Campfires, sing-alongs and… the undead?
It might not be the most natural pairing, but it’s the exact combination that sets zombie apocalypse camp in Aurora, Colo. apart.
Summer camps are supposed to impart all kinds of new skills. Think of zombie camp as a more morbid version of a wilderness survival camp, with the spectre of an undead uprising meant to grab kids’ interest and retain survival skills they might otherwise forget.
The camp in Aurora teaches the traditional skills -- like fire-making, shelter-building, knot-tying. They just throw in a zombie make-up lesson for good measure.
I asked 10-year-old Samara Valdez of Centennial, Colo. what she was hoping to learn from zombie camp.
“How to survive in the wild, just in case,” she says. “Because usually kids just stay inside and watch TV. And I think nature is a pretty cool thing.”
Zombie camp starts with camp director Lindsey Pesek gathering the campers in front of her.
“Your first survival lesson is right now, which is how to build a shelter,” she says.
Pesek passes out a tarp, a few stakes, some string. Their task is to build a shelter to keep themselves safe. Zombies are top of mind.
“Why do we need a shelter?” Pesek asks.
“So we could hide from the zombies?” one camper asks.
Other campers pipe up to say the shelter could guard against looters, snow, rain and the sun.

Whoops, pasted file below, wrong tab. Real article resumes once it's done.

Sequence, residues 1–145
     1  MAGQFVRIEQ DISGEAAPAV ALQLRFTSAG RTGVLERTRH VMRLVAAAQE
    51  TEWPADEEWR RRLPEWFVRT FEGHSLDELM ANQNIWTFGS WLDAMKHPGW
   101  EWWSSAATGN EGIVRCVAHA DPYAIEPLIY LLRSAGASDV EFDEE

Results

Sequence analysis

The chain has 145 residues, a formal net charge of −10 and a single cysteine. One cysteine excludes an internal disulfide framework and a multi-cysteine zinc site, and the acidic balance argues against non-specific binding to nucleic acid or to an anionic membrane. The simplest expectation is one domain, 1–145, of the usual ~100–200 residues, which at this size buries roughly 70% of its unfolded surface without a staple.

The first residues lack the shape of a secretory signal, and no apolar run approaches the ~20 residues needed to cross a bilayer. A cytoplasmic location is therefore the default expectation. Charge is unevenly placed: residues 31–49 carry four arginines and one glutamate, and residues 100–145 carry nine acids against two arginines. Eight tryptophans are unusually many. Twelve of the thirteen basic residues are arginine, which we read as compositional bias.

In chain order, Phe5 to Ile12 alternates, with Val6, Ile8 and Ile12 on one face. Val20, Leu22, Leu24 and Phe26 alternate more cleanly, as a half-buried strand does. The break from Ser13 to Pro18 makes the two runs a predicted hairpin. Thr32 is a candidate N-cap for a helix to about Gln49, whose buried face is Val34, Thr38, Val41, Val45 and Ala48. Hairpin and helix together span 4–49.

“Getting a sunburn during the apocalypse will most likely really slow you down,” Pesek says.
Even though you can see the Rocky Mountains from Aurora, a lot of the campers spend their time in the city, not traipsing around wilderness trails. All are from the Denver metro area, and while some know some outdoor lingo, they’re not camping every weekend, Pesek says.
The camp is in its second year, sponsored and hosted by the city of Aurora at its Meadowood Recreation Center. Kristen Allen organizes the camp.
“The zombie is attractive to youth right now,” she says. “It gives them a reason to be stoked the first minute they come in. ‘When are we going to see the zombies?’”
“It’s just a really nice way to frame all the survival skills that we cover,” she says. “So it really is more of a wilderness survival camp and an outdoor environmental camp, but having that zombie element is a really fun twist to get kids engaged in the outside when they may not want to to begin with.”
Byron Fanning’s two sons are here for their second summer at zombie camp. He works for the city of Aurora.
“They’ll be doing a nature walk, and they’ll talk about how when the zombie apocalypse happens and you can’t go home any more, here’s what you need to eat to survive,” he says. “So it keeps the kids interested and it keeps it fun.”
Arguably the best part of zombie camp comes on the last day. The two dozen middle school-age campers arm themselves with water guns, hide behind trees and prepare to take on a zombie horde.
A group of about a dozen volunteer zombies shuffle their way across the wooded park the camp occupies in Aurora, Colorado, arms outstretched, and groaning.
These kids have been preparing for this moment all week.
The kids say the self-defense lesson was the most helpful in evading the zombies. But camp director Lindsey Pesek has one final lesson.
“Because our zombies were volunteers can we say thank you?” she asks the campers.
Apparently you can use the apocalypse to teach good manners too.
As we’re wrapping up I give 11-year-old Angelo O’Dorisio well wishes against the zombie horde, telling him I hope the campers survive the coming undead apocalypse.
“Hope you survive too,” he says. “The last thing we want is killing someone from NPR.”